Hurricanes of Terror: Why 2 Names Were Dropped from Storm List

Hurricane Odile
Hurricane Odile looms over Mexico's Baja Peninsula. (Image credit: NASA Earth Observatory)

Two hurricane names linked with terror and death were dropped from the Pacific storm list, the United Nations' World Meteorological Organization announced Friday (April 17).

The first, "Isis," was booted from the 2016 list of hurricane names because of its association with the brutal Islamic State militant group, the WMO said. Isis, the name of an ancient Egyptian goddess, was replaced with "Ivette."

Worship of Isis was popular throughout the Mediterranean, from Egypt to Greece and the Roman Empire, until the Christian era. But ISIS also refers to the Islamic State, a militant group whose forces control large swathes of Iraq and Syria. ISIS is accused of ethnic cleansing and war crimes by the United Nations and Amnesty International. [Hurricanes from Above: See Images of Nature's Biggest Storms]

The second name, "Odile," lost its place on the 2020 list and was removed forever at Mexico's request. Hurricane Odile slammed the Baja Peninsula in September 2014 and was one of the most powerful hurricanes to hit Baja in the historical record. The storm killed 11 people and caused more than $1 billion in damage, according to the National Hurricane Center. The WMO swapped Odile for "Odalys."

A storm name is often struck from the lineup after a hurricane causes extraordinary damage or loss of life, according to the WMO. The name is then replaced with a new name starting with the same first letter. Famous storms erased from the list of names include Sandy (2012), Katrina (2005) and Mitch (1998).

There appears to be no precedent for purging a name because it is linked to a terrorist group. However, it makes sense to remove Isis, for the same reasons of sensitivity that underlie the damaging storm names, said Sharon Shavitt, a professor and behavioral psychologist at the University of Illinois at Urbana-Champaign who has studied people's response to hurricane names.

"Imagine what would happen if Hurricane Isis would threaten to make landfall," Shavitt said. "Even though the choice was made years ago, there would be a lot of discussion and debate and head-scratching. It would have been odd to keep it in the rotation," she told Live Science.

Shavitt's research found the gender of hurricane names may influence people's perception of storm risk. Storms with female names kill more people than those with male names because of stereotypes that men are strong and aggressive and women are weaker and calmer, according to the study, published June 2, 2014, in the journal Proceedings of the National Academy of Sciences. Such biases are much more subtle than the huge media storm that a Hurricane Isis could have triggered, Shavitt pointed out.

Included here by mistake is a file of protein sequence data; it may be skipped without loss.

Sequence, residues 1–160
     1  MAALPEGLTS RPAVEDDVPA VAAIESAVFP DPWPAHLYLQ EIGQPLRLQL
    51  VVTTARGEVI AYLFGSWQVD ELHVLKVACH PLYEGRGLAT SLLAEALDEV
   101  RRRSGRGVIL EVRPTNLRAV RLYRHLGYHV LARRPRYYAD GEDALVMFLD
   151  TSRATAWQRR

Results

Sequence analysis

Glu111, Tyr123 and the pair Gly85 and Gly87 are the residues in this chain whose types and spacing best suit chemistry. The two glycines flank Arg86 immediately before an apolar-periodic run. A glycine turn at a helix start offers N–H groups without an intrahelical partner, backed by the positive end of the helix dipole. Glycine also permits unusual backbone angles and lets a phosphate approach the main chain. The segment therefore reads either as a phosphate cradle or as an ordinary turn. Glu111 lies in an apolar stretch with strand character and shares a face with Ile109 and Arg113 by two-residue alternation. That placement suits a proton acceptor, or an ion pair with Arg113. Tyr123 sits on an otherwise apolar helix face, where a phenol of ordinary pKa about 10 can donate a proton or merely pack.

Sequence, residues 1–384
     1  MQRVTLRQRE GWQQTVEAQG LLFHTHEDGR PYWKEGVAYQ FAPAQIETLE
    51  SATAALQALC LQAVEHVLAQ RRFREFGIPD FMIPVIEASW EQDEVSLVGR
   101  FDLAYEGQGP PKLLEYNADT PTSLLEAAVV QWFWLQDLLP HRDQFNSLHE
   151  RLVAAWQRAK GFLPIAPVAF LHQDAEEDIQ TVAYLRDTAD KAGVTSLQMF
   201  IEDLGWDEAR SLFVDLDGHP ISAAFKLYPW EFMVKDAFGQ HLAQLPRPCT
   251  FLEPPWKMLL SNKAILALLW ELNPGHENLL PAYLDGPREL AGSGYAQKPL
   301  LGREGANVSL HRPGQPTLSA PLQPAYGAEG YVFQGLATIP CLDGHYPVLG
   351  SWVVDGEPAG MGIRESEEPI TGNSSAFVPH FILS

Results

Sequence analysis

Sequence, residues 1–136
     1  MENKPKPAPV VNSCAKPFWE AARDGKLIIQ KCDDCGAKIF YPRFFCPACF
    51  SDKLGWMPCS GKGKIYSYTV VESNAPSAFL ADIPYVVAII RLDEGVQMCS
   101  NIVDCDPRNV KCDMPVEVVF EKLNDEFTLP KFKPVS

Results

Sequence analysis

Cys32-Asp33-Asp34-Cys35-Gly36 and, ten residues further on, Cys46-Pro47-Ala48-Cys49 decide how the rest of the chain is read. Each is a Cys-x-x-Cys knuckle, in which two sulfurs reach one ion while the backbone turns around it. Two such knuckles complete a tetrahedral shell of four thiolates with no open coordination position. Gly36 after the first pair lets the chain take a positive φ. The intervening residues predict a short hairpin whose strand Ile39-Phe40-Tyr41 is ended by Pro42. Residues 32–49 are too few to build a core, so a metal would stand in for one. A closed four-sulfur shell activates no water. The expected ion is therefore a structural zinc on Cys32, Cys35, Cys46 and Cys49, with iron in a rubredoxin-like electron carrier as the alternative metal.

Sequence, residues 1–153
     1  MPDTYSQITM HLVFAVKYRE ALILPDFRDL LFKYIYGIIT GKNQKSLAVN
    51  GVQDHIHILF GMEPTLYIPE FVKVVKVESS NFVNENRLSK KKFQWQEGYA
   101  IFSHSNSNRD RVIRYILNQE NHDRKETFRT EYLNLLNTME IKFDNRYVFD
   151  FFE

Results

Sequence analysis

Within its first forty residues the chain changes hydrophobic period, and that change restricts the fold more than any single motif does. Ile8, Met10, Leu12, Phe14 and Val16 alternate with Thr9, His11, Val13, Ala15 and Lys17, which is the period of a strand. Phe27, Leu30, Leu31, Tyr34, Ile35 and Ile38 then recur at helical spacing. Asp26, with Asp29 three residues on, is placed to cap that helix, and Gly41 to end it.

"When a name prompts discussion, any impact is going to be very different than names that go under the radar," she said.

The WMO hurricane naming committee meets once a year to mull over the names for future tropical cyclones and hurricanes. (Tropical cyclones include both hurricanes and typhoons.) The WMO committee considers names for storms that form in the Caribbean, Gulf of Mexico and North Atlantic Ocean; the North Pacific Ocean; and the South China Sea. Weather agencies in Japan, Australia and India label storms in the remaining oceans and seas.

There are six rotating lists of male and female storm names. For example, the 2014 list will appear again in 2020. The tally includes English, Spanish and French names, to reflect the languages spoken in countries where hurricanes rage. The National Hurricane Center started using an alphabetical list of female names in 1953. Men's names were added in 1979.

There was a deadly Hurricane Isis in 1998, and the name was used again in 2004 for a weaker hurricane. Isis was also on the 2010 name list but wasn't used that year.

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Becky Oskin
Contributing Writer
Becky Oskin covers Earth science, climate change and space, as well as general science topics. Becky was a science reporter at Live Science and The Pasadena Star-News; she has freelanced for New Scientist and the American Institute of Physics. She earned a master's degree in geology from Caltech, a bachelor's degree from Washington State University, and a graduate certificate in science writing from the University of California, Santa Cruz.